The mechanism of metal reduction by the Turkevich method is shown in Figure 3. Metal ions diffuse into the cellulose matrix and coordinate with its functional groups. The reducing agent, trisodium citrate, is oxidized in this reaction to 3-oxopentanedioic acid, some of the cellulose OH groups are oxidized to carbonyl or carboxyl groups, and the metal ions are reduced to the zero-valent state. The metal particles grow and form a nanoparticle, which is stabilized by cellulose, 3-oxopentanedioic acid, and trisodium citrate. Stabilization of the particles prevents further agglomeration, which makes it possible to obtain smaller nanoparticles [35][43][54]. The metal reduction depth depends on the aspect ratio between cellulose and metal ions. The less the aspect ratio, the less the share of cellulose and, respectively, higher the amount of zero-valent metal in the solutions [43].
Figure 3. The mechanism of the redox reaction leading to the formation of metal nanoparticles in the cellulose matrix.
Strange as it may sound, the reduction step may be carried out without reducers due to the functional groups and bounds of the cellulose matrix of the hydrogel. In this case, it is usually called “green synthesis”. Cellulose contains the end aldehyde groups; therefore, the reaction occurs without the addition of chemical reducers. For example, Au(0) nanoparticles were synthesized in a cellulose hydrogel without a reducer in [43]. However, cellulose has a rather moderate number of end aldehyde groups, not enough to interact with a big number of metal ions. As a result, only low content of metal nanoparticles may be obtained in the composite hydrogels. Cellulose derivatives are able to perform the reduction of metal ions as well. For instance, Ag nanoparticles were obtained in a carboxymethyl cellulose (CMC) hydrogel, where the reducing agent was CMC [55]. Not only cellulose functional groups but also cross-linking bounds in the polymer can provide reduction, for instance, C = N bonds in the hydrogel prepared from amino cellulose and dialdehyde xylan [16].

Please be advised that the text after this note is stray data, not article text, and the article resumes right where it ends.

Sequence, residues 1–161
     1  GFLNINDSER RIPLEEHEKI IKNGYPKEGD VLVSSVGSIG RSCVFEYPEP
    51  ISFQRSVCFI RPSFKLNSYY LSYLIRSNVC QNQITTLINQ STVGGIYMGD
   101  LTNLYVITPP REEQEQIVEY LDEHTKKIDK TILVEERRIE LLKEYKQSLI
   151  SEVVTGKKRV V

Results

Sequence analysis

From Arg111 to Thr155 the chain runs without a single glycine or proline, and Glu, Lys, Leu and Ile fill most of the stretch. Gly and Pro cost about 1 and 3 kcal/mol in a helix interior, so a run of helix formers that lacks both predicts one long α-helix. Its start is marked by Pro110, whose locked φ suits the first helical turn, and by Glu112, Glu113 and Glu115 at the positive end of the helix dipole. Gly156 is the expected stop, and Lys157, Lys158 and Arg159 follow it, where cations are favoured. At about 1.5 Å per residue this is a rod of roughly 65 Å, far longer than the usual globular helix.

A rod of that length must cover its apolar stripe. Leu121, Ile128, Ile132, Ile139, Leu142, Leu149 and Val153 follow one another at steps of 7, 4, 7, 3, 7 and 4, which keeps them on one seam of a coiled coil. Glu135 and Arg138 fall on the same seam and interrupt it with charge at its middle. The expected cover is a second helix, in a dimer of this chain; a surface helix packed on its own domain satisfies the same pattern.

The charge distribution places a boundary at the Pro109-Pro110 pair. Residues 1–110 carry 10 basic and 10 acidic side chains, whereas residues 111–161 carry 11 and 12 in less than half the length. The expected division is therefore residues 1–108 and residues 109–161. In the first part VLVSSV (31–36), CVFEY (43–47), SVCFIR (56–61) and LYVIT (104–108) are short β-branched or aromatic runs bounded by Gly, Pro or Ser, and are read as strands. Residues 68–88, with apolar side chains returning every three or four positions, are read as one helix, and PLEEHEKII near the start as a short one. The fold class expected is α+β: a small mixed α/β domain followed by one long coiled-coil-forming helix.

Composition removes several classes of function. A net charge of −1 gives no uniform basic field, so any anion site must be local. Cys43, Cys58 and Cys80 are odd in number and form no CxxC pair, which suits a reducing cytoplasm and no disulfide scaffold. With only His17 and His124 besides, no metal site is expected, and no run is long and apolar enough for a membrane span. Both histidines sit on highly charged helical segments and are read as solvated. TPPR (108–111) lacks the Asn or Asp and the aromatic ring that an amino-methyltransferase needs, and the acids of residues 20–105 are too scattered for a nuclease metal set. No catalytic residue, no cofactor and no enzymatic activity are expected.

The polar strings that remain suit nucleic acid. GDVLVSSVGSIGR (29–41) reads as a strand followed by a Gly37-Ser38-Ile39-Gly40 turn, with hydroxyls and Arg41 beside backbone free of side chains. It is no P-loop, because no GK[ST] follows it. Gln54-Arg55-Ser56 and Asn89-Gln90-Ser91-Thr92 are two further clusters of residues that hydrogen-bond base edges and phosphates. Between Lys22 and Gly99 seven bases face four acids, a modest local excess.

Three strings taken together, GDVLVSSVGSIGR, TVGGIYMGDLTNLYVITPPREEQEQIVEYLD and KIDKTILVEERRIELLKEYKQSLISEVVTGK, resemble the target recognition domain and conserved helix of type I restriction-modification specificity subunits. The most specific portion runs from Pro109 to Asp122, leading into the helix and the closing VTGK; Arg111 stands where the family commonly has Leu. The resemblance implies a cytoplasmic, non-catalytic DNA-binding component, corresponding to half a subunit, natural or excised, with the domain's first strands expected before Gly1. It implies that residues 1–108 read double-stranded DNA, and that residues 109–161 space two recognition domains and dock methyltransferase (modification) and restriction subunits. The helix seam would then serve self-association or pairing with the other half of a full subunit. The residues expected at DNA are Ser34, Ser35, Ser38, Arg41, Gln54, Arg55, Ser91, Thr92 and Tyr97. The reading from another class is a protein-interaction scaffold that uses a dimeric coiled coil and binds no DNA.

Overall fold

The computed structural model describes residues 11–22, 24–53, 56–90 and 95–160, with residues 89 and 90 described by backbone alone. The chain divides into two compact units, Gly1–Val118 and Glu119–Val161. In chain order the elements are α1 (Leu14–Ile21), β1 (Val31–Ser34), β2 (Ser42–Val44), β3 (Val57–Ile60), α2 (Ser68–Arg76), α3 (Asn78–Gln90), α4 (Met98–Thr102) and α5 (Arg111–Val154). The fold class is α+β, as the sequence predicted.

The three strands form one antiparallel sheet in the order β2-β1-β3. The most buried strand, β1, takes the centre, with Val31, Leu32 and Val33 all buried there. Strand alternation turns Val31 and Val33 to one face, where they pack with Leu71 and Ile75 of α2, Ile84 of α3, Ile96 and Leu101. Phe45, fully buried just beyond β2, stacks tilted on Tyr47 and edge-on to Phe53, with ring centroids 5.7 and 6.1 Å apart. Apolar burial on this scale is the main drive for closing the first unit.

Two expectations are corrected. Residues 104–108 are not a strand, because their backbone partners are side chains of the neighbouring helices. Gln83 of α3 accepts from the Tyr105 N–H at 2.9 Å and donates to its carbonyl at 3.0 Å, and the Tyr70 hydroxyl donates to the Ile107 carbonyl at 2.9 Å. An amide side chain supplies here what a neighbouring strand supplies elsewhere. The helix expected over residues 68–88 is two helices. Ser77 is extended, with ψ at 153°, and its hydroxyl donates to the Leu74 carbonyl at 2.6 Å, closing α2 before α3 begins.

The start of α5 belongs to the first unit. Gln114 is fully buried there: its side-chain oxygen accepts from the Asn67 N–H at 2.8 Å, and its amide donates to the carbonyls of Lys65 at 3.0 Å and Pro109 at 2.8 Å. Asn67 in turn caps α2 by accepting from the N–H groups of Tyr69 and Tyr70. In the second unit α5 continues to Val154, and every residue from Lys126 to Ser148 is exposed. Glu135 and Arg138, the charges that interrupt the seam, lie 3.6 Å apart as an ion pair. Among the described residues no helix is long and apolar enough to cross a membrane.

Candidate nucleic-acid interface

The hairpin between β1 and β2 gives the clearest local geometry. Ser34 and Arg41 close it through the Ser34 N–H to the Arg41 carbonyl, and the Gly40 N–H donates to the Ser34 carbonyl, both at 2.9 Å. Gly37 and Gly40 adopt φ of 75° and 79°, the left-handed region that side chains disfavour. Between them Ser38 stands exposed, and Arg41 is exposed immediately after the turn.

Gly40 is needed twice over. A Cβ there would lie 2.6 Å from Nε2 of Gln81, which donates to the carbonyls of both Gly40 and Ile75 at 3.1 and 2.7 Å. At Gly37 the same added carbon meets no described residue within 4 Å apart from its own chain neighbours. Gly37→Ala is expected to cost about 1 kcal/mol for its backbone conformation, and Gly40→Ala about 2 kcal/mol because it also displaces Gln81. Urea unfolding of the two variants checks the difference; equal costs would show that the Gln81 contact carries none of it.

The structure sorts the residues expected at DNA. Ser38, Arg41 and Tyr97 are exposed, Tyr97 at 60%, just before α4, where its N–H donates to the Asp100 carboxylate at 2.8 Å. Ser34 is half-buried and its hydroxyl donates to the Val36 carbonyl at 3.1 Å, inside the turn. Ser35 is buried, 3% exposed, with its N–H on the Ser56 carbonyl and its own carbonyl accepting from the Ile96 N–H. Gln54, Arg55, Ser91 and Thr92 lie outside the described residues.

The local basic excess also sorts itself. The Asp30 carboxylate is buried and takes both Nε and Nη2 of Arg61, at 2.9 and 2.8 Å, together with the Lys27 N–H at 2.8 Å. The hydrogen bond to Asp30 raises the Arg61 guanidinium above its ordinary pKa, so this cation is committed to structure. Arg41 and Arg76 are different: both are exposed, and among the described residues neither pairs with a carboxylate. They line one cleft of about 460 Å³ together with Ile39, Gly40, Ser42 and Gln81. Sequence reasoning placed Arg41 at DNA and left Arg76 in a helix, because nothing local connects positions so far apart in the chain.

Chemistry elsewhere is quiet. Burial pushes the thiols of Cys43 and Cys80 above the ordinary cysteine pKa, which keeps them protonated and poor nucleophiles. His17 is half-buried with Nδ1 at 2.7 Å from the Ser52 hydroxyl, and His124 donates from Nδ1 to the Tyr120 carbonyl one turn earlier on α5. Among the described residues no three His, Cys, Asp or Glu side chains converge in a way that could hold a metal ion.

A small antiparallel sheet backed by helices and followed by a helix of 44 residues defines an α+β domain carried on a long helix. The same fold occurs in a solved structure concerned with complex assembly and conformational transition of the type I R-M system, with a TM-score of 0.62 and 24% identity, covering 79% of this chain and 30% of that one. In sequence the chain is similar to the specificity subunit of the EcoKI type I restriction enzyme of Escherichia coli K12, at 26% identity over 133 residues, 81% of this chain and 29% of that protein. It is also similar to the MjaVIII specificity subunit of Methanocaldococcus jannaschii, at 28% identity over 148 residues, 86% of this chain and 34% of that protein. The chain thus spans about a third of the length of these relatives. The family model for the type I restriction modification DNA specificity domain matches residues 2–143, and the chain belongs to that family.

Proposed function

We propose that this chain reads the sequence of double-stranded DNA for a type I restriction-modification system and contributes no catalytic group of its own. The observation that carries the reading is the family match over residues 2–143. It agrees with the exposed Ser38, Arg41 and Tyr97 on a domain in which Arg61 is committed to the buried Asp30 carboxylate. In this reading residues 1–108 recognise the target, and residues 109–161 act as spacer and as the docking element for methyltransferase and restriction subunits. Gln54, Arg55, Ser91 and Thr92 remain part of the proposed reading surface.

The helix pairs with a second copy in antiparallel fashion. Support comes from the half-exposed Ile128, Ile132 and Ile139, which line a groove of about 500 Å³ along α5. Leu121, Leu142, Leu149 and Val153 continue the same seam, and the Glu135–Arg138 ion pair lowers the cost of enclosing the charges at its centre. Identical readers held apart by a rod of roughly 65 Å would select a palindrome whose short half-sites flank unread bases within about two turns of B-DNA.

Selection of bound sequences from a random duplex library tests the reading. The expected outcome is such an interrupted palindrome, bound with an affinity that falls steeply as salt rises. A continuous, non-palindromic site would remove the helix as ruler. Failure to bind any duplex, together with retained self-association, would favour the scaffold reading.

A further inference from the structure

Another “green” option for obtaining metal nanoparticles by reduction from their salts but without chemicals is a phyto-synthetic route which is related to the use of aqueous plant extracts. Plant parts (leaf, stem, root, fruit, and seed) produce phyto-chemicals naturally rich in amino, carboxyl and hydroxyl groups for triggering the formation of metal nanoparticles, as well as stabilizing and/or capping them [56]. Phyto-synthesis has a good scaling potential for the production of stable, varied in shape and size nanoparticles of metals and metal oxides. Currently, this biosynthetic way is commonly used for the production of ZnO nanoparticles from plants such as Ferulago angulata, Bergenia ciliata, Sageretia thea, Anisochilus carnosus, Limonia acidissima L., and Syzygium cumini [56][57][58][59][60][61].
Metals can also initiate the gelation process and act as cross-linking agents during the formation of metallogels. The ability of transition monovalent metal ions to start the gelation of nanofibrillated cellulose (NFC) was revealed by Dong and his research group. During the TEMPO process that was applied for NFC production, negatively charged surface carboxylate groups that provide high binding capability to transition metal species (e.g., Ag+) were generated. Ag+ was bound on the NFC surface and simultaneously induced the formation of NFC-Ag+ hydrogels. Subsequently, Ag+ ions were slowly reduced to Ag(0) nanoparticles by hydroxyl groups on NFC without an additional reducing agent. Thus, the stiff NFC-Ag+ hydrogel was initiated by strong association of carboxylate groups on NFC with Ag+ and sufficient NFC surface charge reduction [62]. Zander and co-workers reported novel nanocellulose hydrogels fabricated via hydrogelation using metal salts. In this method, Ca2+ and Fe3+ played the role of cross-linkers [63].
In contrast to metallic nanostructures that are mainly limited to noble or semi-noble metals, practically any type of metal oxide can be deposited on the cellulose surface with TiO2, Fe3O4, and ZnO being the most abundant. For this purpose, various cellulose types have been applied, spanning from natural cellulose fibers to cellulose nanocrystals in the original or chemically modified form [64].
Summing up, researchers can highlight two main chemical methods for the preparation of cellulose-based metallogels. The first one is a modification of the diffusion-reduction method, when the hydrogels prepared in advance are immersed in a solution of a salt, and then the metal ions react with chemical reducing agents resulting in the metal nanoparticles. Additionally, the reduction may be carried out due to the reducing ability of cellulose itself or phyto-chemicals. This method can be utilized to obtain metallogels with almost any transition metal, among which silver is the most popular. The second method involves the direct participation of metal ions in gelation or cross-linking after mixing a solution of salt with a cellulose solution.

This entry is adapted from the peer-reviewed paper 10.3390/gels9050390